Moreover, what exactly has Jordan done for his fellow man? Ditka has raised millions of dollars for charities, visited sick children in hospitals as well as wounded veterans. If Jordan has done anything similar, it has been kept a state secret. Keep in mind, that Ditka is nine years past retirement age, owes nobody anything, and still commits himself to such selfless acts.
At his core, Ditka, I believe, is genuine and authentic -- a proud working-class boy who never forgot his hardscrabble roots. Of course, others hate Ditka for his conservative political stances – among other ‘transgressions,’ he campaigned with Republican Vice Presidential candidate Sarah Palin during the 2008 presidential elections; and (gasp!) he doesn’t like Barack Obama. In fact, several years ago, Ditka was recruited by the Illinois Republican Party to run for U.S. Senate against a young Democratic upstart named Obama. Ditka eventually decided against running and thereby perhaps inadvertently allowed Obama’s subsequent meteoric political career to occur.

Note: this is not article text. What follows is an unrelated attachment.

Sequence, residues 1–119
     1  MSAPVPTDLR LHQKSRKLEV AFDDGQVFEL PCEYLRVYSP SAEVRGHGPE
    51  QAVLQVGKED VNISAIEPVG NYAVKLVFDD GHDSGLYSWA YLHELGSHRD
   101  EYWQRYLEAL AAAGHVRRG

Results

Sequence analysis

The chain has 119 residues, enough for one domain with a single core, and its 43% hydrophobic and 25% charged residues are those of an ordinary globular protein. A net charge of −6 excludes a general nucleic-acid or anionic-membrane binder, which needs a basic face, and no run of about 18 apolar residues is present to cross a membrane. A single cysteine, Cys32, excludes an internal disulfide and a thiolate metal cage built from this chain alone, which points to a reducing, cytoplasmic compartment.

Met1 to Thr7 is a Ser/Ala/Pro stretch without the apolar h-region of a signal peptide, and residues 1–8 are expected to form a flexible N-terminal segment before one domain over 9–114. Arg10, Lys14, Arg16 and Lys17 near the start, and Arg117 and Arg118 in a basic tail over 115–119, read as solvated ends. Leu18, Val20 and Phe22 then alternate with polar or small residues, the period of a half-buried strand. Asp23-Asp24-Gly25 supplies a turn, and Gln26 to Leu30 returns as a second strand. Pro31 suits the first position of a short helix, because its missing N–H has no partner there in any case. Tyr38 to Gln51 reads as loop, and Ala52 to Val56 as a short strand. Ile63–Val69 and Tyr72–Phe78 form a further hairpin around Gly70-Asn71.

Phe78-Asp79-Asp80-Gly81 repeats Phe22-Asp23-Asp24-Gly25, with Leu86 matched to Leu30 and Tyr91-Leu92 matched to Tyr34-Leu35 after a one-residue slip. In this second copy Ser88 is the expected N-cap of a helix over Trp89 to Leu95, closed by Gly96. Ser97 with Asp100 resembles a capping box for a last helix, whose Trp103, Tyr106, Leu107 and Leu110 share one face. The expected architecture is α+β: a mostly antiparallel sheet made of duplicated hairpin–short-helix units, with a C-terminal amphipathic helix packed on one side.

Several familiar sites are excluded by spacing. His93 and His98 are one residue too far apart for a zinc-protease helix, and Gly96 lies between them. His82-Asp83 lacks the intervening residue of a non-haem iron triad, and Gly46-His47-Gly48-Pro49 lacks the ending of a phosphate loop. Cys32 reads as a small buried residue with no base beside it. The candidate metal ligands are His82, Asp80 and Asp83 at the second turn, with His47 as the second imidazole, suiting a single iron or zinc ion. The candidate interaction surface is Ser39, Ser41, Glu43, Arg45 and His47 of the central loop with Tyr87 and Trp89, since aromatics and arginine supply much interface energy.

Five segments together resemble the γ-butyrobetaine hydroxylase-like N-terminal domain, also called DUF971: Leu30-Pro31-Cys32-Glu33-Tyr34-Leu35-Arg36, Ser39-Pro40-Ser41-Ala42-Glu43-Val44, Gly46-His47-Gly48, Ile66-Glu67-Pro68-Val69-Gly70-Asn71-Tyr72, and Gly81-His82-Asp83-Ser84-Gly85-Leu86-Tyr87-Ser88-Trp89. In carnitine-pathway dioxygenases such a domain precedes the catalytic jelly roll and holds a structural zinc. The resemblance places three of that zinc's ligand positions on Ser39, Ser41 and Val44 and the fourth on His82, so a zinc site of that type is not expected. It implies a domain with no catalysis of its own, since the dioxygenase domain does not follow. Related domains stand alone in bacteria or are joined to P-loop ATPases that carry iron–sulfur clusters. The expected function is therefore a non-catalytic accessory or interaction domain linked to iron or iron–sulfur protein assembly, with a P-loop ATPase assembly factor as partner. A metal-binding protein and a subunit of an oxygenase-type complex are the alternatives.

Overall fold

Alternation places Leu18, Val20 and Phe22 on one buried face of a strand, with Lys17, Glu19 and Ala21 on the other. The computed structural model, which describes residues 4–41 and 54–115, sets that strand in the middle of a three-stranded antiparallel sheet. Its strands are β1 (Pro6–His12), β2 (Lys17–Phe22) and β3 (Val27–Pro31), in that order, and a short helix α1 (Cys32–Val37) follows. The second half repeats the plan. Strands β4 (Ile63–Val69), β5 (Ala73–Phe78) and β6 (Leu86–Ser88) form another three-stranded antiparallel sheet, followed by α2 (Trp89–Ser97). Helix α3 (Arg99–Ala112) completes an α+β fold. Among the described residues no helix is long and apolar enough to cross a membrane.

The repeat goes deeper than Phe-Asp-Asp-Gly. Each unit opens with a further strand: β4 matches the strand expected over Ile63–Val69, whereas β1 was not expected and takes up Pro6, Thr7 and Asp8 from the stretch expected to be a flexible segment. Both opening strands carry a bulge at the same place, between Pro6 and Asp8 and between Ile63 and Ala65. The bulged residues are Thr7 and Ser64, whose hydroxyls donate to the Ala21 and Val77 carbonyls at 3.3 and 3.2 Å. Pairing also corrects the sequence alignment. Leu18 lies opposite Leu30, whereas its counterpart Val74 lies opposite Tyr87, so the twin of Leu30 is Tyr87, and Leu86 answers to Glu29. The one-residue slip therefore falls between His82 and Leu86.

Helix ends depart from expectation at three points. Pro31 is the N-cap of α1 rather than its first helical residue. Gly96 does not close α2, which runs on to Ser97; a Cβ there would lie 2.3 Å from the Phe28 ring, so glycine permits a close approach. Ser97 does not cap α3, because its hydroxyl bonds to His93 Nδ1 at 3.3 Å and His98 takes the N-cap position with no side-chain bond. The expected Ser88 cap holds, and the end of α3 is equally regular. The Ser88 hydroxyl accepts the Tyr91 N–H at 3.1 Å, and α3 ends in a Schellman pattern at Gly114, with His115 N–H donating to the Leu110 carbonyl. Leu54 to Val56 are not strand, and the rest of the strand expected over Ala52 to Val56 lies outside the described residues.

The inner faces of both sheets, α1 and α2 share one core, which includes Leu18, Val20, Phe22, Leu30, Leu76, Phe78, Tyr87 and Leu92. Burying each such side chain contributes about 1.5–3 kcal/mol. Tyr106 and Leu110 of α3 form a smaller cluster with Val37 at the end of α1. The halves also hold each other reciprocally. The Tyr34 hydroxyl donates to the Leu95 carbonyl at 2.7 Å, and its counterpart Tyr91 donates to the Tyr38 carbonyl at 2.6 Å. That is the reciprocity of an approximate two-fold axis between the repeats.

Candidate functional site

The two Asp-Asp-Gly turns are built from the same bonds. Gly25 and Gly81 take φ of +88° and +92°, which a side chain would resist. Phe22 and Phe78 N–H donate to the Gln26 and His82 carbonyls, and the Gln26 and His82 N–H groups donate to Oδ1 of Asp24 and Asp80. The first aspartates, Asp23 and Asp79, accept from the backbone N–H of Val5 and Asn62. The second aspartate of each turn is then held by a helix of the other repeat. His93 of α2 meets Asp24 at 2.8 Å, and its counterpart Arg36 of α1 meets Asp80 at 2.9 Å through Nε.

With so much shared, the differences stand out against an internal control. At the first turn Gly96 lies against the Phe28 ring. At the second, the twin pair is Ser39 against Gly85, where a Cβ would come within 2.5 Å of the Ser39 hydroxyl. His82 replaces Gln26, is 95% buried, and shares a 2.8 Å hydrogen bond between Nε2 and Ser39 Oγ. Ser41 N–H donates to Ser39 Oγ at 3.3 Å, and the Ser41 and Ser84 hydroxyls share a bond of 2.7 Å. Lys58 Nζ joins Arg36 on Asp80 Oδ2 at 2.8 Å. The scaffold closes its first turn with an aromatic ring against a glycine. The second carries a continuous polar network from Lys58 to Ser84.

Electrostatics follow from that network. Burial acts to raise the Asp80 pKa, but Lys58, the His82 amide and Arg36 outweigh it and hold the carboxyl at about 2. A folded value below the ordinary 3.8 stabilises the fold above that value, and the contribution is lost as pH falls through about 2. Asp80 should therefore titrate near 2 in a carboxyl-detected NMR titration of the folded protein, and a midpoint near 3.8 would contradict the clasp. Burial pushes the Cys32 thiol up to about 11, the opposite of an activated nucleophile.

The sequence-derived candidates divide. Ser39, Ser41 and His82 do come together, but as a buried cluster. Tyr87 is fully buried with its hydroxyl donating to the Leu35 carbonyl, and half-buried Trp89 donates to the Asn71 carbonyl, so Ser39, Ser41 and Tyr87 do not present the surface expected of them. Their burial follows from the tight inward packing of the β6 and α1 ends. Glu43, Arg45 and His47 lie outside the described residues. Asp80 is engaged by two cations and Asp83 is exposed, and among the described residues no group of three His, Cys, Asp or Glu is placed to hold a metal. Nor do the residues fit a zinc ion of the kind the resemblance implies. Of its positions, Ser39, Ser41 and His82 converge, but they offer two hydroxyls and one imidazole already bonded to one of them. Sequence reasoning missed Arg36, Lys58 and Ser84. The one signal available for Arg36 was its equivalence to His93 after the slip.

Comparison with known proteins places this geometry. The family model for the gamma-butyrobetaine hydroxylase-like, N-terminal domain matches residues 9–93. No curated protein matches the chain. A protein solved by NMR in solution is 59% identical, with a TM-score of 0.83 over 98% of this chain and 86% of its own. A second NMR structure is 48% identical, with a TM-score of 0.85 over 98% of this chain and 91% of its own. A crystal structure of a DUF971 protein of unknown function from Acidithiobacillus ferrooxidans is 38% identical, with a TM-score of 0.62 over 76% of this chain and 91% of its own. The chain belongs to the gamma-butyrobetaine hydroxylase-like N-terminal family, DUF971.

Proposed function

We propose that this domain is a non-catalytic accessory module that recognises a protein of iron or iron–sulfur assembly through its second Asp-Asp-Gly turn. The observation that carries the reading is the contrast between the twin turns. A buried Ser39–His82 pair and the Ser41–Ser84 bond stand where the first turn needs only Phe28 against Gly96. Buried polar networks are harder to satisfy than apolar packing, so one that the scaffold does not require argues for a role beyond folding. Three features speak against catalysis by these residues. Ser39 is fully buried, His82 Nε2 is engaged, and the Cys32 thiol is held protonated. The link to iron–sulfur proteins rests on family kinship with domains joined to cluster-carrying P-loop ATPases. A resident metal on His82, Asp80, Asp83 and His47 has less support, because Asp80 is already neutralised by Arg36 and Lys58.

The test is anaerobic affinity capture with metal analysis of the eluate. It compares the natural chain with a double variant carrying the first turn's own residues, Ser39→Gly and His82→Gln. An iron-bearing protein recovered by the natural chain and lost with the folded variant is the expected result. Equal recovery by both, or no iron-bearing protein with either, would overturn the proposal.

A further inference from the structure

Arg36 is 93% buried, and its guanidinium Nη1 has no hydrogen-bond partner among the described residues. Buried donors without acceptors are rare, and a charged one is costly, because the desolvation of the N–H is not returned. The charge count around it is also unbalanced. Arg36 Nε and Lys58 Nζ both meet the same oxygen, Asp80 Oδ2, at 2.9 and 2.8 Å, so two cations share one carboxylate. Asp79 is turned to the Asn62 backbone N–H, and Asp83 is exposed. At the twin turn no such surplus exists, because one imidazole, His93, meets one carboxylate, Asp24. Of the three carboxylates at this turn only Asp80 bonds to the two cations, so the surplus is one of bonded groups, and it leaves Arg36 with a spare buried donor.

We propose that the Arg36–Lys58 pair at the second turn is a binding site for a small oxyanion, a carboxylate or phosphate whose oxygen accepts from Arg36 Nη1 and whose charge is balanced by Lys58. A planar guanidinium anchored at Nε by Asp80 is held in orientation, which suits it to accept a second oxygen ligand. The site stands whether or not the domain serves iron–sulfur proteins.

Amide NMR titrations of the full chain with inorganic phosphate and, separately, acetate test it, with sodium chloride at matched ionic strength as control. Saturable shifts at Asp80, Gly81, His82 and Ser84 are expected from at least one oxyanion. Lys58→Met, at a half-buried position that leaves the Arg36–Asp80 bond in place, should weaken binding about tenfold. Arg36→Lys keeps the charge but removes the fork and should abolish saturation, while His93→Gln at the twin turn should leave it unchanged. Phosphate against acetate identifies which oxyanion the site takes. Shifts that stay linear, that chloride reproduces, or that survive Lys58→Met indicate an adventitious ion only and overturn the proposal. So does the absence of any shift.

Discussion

Recently, Ditka characterized his decision not to run for Senate as his “biggest regret” and even asserted that he might have won. Predictably, this bombastic claim triggered widespread derision from Obama-supporters and other liberals who derided Ditka as a delusionary blowhard. Fair enough, Ditka likely overestimated his political prowess and electoral appeal – but a Ditka in the Senate would have been a dream come true for those of us who love the man. For those who find the idea of Ditka in the halls so government an absurd idea – let me remind you that such sports-world ‘luminaries’ as Arnold Schwarzenegger, Jesse ‘The Body’ Ventura, Steve Largent. Dave Bing and many others have run for high political office (and won).